(CNN) -- Some big wins but no knockouts. That's the bottom line for both Sen. Hillary Clinton and Sen. John McCain.
As the campaign moves beyond Super Tuesday, both contenders face the same problem: They're both running against a movement. And that's never easy. Movements have passionate supporters who don't like to make deals.
Look at the split in the Democratic Party, among voters polled in 16 primaries on Super Tuesday.
Young voters were for Obama. Older voters were for Clinton.
Whites and Latinos were for her. African-Americans were for him.
Democrats who didn't go to college were for her. College-educated Democrats were for him. Watch who voted for whom and why »
Obama is the successor to a long line of New Politics Democrats who advocated an idealistic, post-partisan approach to politics. Eugene McCarthy (1968), George McGovern (1972), Gary Hart (1984), Michael Dukakis (1988), Paul Tsongas (1992), Bill Bradley (2000) and Howard Dean (2004) all ran against the politics of the past.
So does Obama. He said at CNN's Democratic debate in Los Angeles on January 31, "I don't think the choice is between black and white, or it's about gender or religion. I don't think it's about young or old. I think what is at stake right now is whether we are looking backwards or we are looking forwards. I think it is the past versus the future."
Obama appeals to well-educated liberals who want a high-minded approach to politics that rises above crass partisanship. Anything that reminds them of the "Clinton wars" of the 1990s is a turnoff -- very likely including Bill Clinton himself.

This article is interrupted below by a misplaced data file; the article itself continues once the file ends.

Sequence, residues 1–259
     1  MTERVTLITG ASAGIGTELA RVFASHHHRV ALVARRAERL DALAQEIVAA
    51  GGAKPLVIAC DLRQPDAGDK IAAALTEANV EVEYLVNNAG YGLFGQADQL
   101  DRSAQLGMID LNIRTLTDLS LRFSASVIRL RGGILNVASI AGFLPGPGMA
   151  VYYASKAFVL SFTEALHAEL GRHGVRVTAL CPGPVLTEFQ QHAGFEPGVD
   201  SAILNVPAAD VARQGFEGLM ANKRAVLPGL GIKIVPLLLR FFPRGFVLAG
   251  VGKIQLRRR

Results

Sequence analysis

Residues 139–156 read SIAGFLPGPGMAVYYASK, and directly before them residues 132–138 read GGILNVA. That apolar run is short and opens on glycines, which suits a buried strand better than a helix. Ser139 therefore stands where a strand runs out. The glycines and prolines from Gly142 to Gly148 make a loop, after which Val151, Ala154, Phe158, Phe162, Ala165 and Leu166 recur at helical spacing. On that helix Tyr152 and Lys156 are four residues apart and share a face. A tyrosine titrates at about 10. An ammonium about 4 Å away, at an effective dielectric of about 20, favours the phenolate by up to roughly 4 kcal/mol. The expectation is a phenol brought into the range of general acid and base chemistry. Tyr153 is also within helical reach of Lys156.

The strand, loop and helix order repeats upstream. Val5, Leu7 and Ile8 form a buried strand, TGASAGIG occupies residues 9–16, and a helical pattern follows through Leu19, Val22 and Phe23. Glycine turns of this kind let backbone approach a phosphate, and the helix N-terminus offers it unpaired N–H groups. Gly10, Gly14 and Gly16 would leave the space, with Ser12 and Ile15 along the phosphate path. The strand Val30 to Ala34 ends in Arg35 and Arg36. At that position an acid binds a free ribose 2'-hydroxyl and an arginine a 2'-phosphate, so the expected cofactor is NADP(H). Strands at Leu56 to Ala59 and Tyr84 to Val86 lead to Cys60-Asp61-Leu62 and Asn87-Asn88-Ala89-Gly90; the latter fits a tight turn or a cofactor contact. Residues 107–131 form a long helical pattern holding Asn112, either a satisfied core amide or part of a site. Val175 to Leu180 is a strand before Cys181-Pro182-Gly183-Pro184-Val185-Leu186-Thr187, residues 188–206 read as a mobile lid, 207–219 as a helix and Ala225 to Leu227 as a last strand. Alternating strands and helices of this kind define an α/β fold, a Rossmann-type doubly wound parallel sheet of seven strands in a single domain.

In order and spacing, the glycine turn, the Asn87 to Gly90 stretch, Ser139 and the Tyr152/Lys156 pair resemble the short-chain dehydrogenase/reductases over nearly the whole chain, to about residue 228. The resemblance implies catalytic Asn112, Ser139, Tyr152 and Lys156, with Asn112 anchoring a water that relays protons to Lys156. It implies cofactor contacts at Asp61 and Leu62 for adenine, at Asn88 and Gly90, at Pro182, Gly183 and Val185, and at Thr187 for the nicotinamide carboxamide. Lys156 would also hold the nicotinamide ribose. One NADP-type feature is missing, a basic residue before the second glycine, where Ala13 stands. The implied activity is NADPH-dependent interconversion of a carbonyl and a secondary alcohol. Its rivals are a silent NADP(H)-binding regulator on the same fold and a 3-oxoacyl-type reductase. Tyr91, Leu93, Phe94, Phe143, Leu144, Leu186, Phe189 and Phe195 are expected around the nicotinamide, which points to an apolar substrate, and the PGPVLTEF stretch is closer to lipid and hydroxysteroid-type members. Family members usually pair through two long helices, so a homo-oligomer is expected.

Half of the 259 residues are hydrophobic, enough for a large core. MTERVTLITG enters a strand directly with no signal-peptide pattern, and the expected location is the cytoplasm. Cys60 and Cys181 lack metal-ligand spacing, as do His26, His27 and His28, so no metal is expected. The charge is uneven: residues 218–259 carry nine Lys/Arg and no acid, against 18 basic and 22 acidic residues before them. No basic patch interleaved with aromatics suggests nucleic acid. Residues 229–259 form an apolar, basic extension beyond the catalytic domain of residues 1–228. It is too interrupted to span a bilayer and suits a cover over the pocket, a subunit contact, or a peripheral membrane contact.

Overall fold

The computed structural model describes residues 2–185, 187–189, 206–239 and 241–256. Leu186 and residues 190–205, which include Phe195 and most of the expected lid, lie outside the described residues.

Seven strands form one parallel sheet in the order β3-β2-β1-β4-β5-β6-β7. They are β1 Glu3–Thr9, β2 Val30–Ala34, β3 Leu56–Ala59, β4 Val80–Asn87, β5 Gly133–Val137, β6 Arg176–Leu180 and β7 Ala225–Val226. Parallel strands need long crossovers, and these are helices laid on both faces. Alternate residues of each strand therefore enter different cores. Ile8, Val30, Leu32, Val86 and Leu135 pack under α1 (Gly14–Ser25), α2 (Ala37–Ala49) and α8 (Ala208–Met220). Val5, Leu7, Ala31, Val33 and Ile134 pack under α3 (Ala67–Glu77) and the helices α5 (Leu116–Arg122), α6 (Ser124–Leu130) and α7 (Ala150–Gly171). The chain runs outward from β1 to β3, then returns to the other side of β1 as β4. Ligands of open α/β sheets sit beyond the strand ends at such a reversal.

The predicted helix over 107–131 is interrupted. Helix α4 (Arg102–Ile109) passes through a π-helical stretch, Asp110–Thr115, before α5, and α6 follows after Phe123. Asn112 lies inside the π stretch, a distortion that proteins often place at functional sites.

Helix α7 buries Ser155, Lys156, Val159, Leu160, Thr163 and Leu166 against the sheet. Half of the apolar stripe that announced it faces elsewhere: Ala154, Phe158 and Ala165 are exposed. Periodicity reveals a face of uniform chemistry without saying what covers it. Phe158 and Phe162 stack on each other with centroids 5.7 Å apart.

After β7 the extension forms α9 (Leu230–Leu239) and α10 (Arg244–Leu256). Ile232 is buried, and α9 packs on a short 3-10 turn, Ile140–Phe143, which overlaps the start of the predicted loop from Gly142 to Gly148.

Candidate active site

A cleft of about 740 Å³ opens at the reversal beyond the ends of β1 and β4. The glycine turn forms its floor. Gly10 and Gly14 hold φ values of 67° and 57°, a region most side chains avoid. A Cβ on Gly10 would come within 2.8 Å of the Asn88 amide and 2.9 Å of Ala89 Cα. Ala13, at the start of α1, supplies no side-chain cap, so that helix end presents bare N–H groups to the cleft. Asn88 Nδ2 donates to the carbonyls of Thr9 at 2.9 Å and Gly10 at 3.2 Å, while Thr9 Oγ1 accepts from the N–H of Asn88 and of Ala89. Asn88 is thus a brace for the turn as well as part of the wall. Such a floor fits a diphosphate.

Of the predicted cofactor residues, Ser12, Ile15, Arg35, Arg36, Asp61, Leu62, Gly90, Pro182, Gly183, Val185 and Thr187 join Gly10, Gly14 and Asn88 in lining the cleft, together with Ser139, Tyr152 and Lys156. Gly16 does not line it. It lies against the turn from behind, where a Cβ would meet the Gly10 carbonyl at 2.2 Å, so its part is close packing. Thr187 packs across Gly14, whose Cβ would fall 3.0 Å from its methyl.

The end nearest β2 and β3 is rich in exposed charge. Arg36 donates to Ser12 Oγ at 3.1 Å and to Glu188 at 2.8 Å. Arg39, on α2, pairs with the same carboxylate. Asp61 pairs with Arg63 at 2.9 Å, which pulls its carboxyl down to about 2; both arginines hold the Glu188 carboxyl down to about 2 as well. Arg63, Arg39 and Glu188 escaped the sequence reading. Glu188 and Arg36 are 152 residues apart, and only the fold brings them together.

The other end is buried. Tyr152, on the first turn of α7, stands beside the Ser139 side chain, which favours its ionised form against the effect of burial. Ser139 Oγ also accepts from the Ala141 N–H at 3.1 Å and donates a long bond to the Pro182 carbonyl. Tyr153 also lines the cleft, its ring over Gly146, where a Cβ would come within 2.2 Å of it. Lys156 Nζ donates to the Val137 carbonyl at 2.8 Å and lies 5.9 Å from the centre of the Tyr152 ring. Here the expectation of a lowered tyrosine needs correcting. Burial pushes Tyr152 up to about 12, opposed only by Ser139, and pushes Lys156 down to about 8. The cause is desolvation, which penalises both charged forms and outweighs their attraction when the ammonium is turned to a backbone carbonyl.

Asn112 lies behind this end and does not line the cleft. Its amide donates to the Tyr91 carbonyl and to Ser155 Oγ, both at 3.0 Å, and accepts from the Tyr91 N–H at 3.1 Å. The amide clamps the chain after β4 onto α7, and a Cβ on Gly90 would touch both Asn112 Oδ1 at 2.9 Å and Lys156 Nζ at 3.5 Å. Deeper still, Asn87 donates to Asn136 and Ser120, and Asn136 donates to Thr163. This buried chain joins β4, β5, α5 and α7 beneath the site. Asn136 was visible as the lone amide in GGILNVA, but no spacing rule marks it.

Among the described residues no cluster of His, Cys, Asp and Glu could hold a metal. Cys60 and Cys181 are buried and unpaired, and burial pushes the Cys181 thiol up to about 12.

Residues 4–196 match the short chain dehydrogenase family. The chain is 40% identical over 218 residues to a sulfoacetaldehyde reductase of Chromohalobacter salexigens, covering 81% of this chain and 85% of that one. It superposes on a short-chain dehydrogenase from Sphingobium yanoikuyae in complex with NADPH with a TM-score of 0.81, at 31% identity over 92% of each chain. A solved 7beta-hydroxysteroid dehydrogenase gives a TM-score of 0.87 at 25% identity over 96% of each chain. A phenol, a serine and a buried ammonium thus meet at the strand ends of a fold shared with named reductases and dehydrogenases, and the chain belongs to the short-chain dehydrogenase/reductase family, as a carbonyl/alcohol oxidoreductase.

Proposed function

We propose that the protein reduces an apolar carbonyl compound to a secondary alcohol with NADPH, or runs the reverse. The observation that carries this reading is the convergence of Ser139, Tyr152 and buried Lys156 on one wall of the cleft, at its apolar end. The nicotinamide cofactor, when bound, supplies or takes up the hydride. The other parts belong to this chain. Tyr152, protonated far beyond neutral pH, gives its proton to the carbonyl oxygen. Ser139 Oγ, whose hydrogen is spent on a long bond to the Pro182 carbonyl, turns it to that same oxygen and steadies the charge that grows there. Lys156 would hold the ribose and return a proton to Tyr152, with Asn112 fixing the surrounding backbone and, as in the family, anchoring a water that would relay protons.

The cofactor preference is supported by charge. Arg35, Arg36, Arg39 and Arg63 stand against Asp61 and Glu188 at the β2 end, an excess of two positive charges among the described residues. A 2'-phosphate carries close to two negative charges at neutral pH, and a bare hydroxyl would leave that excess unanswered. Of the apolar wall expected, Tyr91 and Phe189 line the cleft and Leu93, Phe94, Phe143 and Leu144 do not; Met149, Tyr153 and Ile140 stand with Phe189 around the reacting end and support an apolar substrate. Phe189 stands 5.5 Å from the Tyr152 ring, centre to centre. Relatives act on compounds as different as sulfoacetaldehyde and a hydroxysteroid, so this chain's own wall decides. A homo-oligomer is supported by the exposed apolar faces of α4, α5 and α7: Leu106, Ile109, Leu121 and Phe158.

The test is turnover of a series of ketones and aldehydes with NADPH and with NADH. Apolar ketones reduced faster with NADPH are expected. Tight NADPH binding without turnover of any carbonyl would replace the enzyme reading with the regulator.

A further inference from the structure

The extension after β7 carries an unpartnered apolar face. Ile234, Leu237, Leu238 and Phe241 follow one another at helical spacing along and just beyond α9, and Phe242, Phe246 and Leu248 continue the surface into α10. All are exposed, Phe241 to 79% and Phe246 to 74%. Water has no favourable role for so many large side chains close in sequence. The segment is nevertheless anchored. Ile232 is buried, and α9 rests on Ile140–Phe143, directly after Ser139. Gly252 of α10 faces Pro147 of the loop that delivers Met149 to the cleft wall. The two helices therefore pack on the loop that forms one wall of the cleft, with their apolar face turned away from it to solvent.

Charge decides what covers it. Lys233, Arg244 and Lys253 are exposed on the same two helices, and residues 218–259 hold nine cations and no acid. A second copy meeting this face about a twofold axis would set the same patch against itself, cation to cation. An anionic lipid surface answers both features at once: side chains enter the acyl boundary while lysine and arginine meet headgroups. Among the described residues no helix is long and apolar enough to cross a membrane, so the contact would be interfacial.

When Democratic primary voters were asked which candidate would do the best job of unifying the country, Obama was preferred over Clinton 50 to 39 percent.
There is, however, one big difference between Obama and previous New Politics Democrats. None of his predecessors got many black votes. A movement that allies upper-middle-class liberals and black voters looks unusual -- and powerful.
Especially because it has an issue.
Democrats who said their top issue was the economy went for Clinton. Democrats who said their biggest concern was the war in Iraq went for Obama.
"I will offer a clear contrast as somebody who never supported this war -- thought it was a bad idea," Obama said in the Los Angeles debate. "I don't want to just end the war, but I want to end the mind set that got us into war in the first place."
Clinton, on the other hand, has tried to minimize her differences with Obama on Iraq. She said during the debate, "I certainly respect Senator Obama making his speech in 2002 against the war. And then when it came to the Senate, we've had the same policy because we were both confronting the same reality of trying to deal with the consequences of George Bush's action.''
McCain is also facing a movement: the conservative movement, which has controlled the Republican Party since Ronald Reagan. The GOP front-runner insists he's part of that movement.
"I enlisted as a foot soldier in the Reagan revolution," McCain says in a campaign ad in which the Arizona senator is described as "John McCain, the true conservative."
But McCain won the Republican primary vote on Super Tuesday without carrying conservatives. Southern conservatives voted for former Arkansas Gov. Mike Huckabee, and Northern conservatives voted for former Massachusetts Gov. Mitt Romney. Watch how McCain lines up on some key conservative issues »
That's one reason McCain won: Happiness in politics is a divided opposition.
McCain did best with moderate Republicans. He carried the roughly one-third of Republican voters who support abortion rights, even though he has always been staunchly anti-abortion. He carried the roughly one-third of Republicans who are antiwar, even though he is a enthusiastic supporter of Bush's troop build-up in Iraq.
That's one reason movement conservatives are wary of McCain. He hangs out with the wrong kinds of people. E-mail to a friend